Streaming

Upload and download speeds:

For one computer to stream in 1080p upload speeds of 3.5-5mbps are needed. Most college’s in 2019 have upload speeds of at least 50 mbps so this shouldn’t be an issue. Check our internet requirements page for more detail.

Computer specs:

You’ll want to be streaming on a desktop built specifically for gaming ideally. Twitch.tv recommends having at least Windows 7 or newer, and Intel Core i5-4670 processor( or its AMD equivalent), and 8GB of RAM. You’ll need a graphics card good enough for the games your playing, one that supports Directx 10 and up. Check out our gaming PC page for more detail.

Some twitch streamers have two computers for streaming. One for playing and one for broadcasting. While this is a great setup to have, it is absolutely not necessary to put on a great stream. One computer is more than enough to have a great broadcast for tournament games or for personal streams.

Monitor(s):

While not necessary a dual-monitor set-up is preferred for streaming. Having a double monitor is especially helpful for streaming so that players can have their different stream tools such as the chat up on one monitor and the game being streamed on the other monitor.

What some schools do is set-up one or a few desks specifically for streaming in a separate room or somewhere away from the rest of the team. This is helpful because those people streaming games don’t have to worry about being quiet amd they have more space for double monitors, a mic, and whatever other production equipment the school needs.

Equipping each gaming setup with two  monitors can get costly and take up too much space. Ultimately having the perfect monitor doesn’t matter much for a great stream. For specifics on what monitors we recommend, check out our monitors section.

Streaming accounts:

To stream the school will need an account on a streaming website such as Twitch.tv or Mixer. You can reate an account specific for your esports team to stream all the big games on. If players want to stream on their own they can stream through the team’s account or use their own Twitch/Mixer accounts.

Streaming software:

OBS Studio or Streamlabs OBS

OBS is the best option for streaming software. OBS can stream to YouTube and Twitch easily and even to multiple sites at once. OBS can be a bit complicated to set up at first, but is very flexible and also free to use. It is the most popular streaming service so there are more guides available which can make things easier to figure out for new users.

Streamlabs is an add-on service streamers use to manage their donations as well as monitor their metrics such as number of viewers, followers, and subscriptions.

Streamlabs OBS has all the features of OBS with Streamlabs built into it.

Both streamlabs and OBS are totally free.

There are other options worth exploring such as-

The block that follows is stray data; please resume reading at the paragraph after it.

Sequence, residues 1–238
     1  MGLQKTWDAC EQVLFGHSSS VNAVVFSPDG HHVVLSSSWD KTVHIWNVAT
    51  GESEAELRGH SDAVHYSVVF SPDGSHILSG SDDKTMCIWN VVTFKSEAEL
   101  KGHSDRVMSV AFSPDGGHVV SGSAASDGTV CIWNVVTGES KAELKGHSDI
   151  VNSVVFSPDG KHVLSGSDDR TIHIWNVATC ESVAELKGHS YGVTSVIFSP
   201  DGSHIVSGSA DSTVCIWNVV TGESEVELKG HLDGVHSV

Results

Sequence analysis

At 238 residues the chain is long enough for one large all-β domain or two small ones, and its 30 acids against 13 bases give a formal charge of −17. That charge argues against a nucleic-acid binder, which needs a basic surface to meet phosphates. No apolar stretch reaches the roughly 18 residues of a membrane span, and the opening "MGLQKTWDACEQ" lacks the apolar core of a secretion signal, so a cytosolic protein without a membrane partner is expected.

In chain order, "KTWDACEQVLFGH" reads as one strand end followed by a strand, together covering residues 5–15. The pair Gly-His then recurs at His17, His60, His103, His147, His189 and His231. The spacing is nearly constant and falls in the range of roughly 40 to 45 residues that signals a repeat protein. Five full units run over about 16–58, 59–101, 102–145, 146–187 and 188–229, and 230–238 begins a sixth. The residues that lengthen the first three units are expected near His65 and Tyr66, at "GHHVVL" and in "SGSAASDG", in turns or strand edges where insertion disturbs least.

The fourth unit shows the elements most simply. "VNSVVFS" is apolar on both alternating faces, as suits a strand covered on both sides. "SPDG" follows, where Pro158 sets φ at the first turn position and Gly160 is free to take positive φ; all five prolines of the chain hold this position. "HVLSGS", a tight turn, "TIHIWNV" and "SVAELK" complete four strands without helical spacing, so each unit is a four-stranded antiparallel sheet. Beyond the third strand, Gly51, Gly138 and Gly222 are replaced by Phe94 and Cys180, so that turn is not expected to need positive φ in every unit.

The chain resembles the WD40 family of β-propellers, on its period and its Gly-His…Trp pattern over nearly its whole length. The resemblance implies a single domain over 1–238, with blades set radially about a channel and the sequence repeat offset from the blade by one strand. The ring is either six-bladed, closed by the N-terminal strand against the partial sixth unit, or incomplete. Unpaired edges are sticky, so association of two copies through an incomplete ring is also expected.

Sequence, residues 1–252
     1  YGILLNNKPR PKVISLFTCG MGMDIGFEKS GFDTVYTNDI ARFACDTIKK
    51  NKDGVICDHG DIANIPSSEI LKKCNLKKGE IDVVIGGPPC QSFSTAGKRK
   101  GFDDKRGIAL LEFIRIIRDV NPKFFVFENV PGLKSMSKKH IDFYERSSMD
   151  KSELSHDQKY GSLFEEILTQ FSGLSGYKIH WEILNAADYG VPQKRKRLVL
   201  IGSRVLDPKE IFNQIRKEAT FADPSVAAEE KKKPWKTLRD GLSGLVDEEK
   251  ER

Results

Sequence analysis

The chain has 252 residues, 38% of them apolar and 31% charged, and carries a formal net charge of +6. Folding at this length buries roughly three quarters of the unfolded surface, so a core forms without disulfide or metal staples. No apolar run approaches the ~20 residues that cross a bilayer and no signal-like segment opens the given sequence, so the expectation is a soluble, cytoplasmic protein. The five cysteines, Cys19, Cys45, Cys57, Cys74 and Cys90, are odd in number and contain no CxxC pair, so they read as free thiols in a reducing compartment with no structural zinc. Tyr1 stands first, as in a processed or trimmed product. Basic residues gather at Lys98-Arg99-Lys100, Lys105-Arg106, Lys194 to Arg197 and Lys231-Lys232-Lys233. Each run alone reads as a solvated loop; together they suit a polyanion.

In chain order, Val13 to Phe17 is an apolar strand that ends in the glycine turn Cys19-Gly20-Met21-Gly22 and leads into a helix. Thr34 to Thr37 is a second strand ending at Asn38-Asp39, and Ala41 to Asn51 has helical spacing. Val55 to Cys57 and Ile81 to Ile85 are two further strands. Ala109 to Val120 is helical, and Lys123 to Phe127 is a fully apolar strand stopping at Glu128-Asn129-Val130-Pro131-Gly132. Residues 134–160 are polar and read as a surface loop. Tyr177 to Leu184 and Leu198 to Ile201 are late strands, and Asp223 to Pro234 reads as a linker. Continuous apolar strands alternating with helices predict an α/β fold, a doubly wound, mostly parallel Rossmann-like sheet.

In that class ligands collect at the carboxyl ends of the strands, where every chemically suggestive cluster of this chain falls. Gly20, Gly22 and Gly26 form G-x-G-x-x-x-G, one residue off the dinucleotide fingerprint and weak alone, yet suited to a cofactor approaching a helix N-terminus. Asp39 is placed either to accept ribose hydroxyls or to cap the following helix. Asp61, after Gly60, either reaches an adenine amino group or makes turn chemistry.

1. Xsplit
  2. Nvidia Shadow Play

These options all have their setbacks. As of the time of writing (April 2019) they all have issues that make OBS the better option. OBS gives the most complete service and it’s free.

Xsplit only streams in 720p or higher the premium option that costs about $5 a month (depending on the plan).

Nvidia Shadow Play is only great at streaming gameplay. A more sophisticated stream will need to use a service like Xsplit or OBS.

Microphone:

If the team decides to provide peripherals such as headsets for the players then this piece of equipment will already be set. If the team wants to cast games or if a player is just streaming on their own, a microphone is needed. Check out our guide on headsets here: Both of our recommendations have microphone’s with enough quality for a good stream.

Web Camera:

Not absolutely necessary, but web cameras are nice to have a more interactive broadcast. Web cameras often have microphones that can be used to communicate with audience during streaming, but these are almost always lower quality than what a solid headset or desk microphone would provide. If possible don’t count on your web camera for your microphone.

Here are a few economical web cameras that will provide a consistent good picture quality for the stream:

  1. Logitech HD C615 $31.99 Streams in 1080p.
  2. Logitech C920 . $68.99 One of the nicest webcams that isn’t astronomically priced. Can stream in 1080p. Great if you’re going to set up one computer for broadcasting.

All of the different hardware, software, and internet speeds needed for streaming can seem overwhelming at first. It’s a lot to take in, but none of it is that complicated. Understanding the streaming landscape just takes some time, give yourself time to take it all in. This is another thing you can contact your IT department for, they might have some more insight into the best approach for your varsity program to take.

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